Following the Deregulation in 1978, a competitive price war ensued among the airline industry as a direct result of the new freedom for airlines to set their own fares as well as route entry and exits. This gave rise to the operating structure of the airlines as it exists today, consisting of the point-to-point system and the hub and spoke system. With this came the change of focus for major airlines to non-stop, cross-country routes in densely populated cities, which, in a regulated environment, would be profitable. This resulted in the obvious outcome of increased competition, thus lowering the average industry prices for non-stop cross country routes which were profitable. This caused operating costs to increase, narrowing the profit margins. During the mid 80's, acquisition led to eight airlines capturing a disproportionate share of domestic traffic. Due to a recession and increasing fuel prices in the 90's, bankruptcy and collapse were common to many carriers. As a direct result, new airlines were formed, and now position themselves as low fare, no frill airlines.
As a culture, American consumers seem to follow one obvious trend; the need and desire for maximum safety. This trend has seen a rapid rise in the wake of 9/11, and seems to show no sign of a decline. This can be further observed in the form of advanced airport/airline security measures and regulations.
In accordance with this, Southwest has always prided themselves on being the safest airline in the industry, adapting to the rapidly changing times. This has helped them soar over competition.
1. Industry Defined and Total Volume
Southwest exists and operates within the air travel industry in the United States; an industry which has traditionally been based on a point-to-point flight system. However, this industry has been redefined, evolving into a hub-and-spoke system which all airlines have adopted; all except Southwest. Hub-and-spoke flights, called feeder flights, are defined by long-haul, layover flights where consumers stop at a central hub city and can then either continue the flight on the same plane, or transfer onto a different plane flown by the same carrier. The point-to-point system, deployed by Southwest, is non-stop flights, called shuttle flights. The point-to-point system allows Southwest to cut down on fuel costs as well as allowing them to run more flights per day. This serves as a huge differential advantage.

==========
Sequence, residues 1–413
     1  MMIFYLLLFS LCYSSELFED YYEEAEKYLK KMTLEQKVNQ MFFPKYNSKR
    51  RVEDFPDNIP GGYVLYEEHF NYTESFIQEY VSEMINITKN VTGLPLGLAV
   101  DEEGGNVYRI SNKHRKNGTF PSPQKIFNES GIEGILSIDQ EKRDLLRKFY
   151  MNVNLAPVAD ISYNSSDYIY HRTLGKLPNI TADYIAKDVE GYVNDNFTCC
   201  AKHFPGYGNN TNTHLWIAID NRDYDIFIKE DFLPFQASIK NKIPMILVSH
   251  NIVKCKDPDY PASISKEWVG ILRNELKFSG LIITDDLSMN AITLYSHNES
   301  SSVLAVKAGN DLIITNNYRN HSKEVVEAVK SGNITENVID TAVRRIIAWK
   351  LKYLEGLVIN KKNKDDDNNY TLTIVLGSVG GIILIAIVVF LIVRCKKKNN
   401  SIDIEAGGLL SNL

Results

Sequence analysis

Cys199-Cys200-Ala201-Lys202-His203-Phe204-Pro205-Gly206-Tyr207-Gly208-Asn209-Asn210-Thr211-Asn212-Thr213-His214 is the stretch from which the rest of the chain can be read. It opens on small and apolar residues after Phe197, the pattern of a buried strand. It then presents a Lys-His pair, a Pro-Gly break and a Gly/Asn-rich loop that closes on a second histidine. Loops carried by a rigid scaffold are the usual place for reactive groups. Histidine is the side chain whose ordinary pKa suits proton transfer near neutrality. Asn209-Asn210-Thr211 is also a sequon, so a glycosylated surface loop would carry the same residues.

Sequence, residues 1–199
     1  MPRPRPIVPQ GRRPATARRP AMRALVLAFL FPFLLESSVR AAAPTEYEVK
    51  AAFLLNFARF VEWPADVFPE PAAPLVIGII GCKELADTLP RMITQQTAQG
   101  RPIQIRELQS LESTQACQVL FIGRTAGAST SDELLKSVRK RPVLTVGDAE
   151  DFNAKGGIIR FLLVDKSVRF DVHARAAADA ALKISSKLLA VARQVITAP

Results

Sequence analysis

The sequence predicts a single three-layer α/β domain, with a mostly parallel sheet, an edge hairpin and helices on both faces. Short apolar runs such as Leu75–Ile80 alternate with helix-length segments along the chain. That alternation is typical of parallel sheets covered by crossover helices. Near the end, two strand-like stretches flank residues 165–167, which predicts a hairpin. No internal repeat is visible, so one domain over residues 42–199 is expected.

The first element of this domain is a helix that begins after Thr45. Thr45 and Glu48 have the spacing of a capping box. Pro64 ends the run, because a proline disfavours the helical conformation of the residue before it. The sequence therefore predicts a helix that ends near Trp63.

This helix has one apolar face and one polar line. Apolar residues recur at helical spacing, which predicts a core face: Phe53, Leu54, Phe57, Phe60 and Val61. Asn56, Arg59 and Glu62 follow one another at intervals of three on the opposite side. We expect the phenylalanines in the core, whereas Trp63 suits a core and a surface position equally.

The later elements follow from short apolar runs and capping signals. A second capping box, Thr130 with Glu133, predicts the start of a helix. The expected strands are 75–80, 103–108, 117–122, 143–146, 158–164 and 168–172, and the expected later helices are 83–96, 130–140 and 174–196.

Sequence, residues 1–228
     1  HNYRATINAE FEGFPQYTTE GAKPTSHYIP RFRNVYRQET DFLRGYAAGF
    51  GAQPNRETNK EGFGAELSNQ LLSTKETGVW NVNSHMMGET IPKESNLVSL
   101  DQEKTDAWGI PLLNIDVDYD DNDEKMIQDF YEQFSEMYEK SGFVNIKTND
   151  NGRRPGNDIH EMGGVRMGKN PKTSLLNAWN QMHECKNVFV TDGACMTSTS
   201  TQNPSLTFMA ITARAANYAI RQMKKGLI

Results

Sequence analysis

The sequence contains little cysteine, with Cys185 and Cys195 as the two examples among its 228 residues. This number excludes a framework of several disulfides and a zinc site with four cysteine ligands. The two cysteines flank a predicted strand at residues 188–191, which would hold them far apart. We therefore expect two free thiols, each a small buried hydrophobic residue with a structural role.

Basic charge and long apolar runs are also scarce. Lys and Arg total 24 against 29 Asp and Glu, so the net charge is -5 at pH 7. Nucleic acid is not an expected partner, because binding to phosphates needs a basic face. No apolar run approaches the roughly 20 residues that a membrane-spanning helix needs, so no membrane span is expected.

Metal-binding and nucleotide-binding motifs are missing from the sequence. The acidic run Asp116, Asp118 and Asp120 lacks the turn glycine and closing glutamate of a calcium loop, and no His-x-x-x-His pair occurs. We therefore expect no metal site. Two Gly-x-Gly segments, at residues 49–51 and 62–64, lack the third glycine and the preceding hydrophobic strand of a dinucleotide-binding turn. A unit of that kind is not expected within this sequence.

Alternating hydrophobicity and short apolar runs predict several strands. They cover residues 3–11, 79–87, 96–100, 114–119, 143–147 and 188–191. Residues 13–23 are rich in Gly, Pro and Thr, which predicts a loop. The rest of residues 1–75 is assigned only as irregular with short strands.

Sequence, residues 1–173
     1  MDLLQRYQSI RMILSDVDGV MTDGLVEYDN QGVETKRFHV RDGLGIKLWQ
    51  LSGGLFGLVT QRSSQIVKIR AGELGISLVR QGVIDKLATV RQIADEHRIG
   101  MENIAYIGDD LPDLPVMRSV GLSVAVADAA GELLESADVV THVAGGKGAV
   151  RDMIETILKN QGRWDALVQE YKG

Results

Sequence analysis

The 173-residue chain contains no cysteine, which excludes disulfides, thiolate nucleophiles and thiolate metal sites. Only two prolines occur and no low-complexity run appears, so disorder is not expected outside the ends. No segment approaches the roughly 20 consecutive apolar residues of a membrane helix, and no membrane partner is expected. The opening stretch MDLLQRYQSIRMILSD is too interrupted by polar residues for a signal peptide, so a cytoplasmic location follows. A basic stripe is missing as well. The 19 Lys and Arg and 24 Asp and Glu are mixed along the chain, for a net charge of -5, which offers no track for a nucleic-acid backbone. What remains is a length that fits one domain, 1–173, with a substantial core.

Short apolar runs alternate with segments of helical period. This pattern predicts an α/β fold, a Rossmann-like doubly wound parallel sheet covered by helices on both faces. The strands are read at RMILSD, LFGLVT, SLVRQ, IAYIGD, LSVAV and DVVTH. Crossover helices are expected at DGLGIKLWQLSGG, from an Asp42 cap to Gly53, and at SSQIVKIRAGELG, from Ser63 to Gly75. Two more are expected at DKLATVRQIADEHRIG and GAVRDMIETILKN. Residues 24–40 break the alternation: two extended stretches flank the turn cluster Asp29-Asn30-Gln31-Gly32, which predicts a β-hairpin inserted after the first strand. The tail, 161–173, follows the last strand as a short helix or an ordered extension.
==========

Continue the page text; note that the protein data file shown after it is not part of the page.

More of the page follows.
This industry is heavily saturated with intense and rapidly evolving competition due to the relative ease of entry into the market. This accounts for why there are hundreds of airlines ranging from prominent well-known ones to virtually obscure and obsolete airlines. There are six primary airlines which compete fiercely and maintain the majority of the market share and total volume. The remaining fraction of the market share is then sub-divided and allocated amongst the hundreds of smaller, less relevant airlines. The only notable trend within the industry seems to be a total lack of consistency, as market shares and profits fluctuate regularly during any given time period.
The industry has taken somewhat of a beating economically following the disaster of September 11. That is, people have not been anxious to fly, regardless of price cuts across the boards. This is slowly changing, yet in the meantime, select airlines have been forced to seek government aid, even having to go as far as filing for chapter 11.
2. Company Volume and Market Share
As of December, 2004, Southwest Airlines was the top airline in terms of volume of business, accounting for 3,615,707 in sales. This is the equivalent of approximately 21% of the market share, making it the leader in the airline industry.
3. Competitors' Volume and Market Share
81% of the market is controlled by seven airlines. The breakdown in terms of market share held by these...
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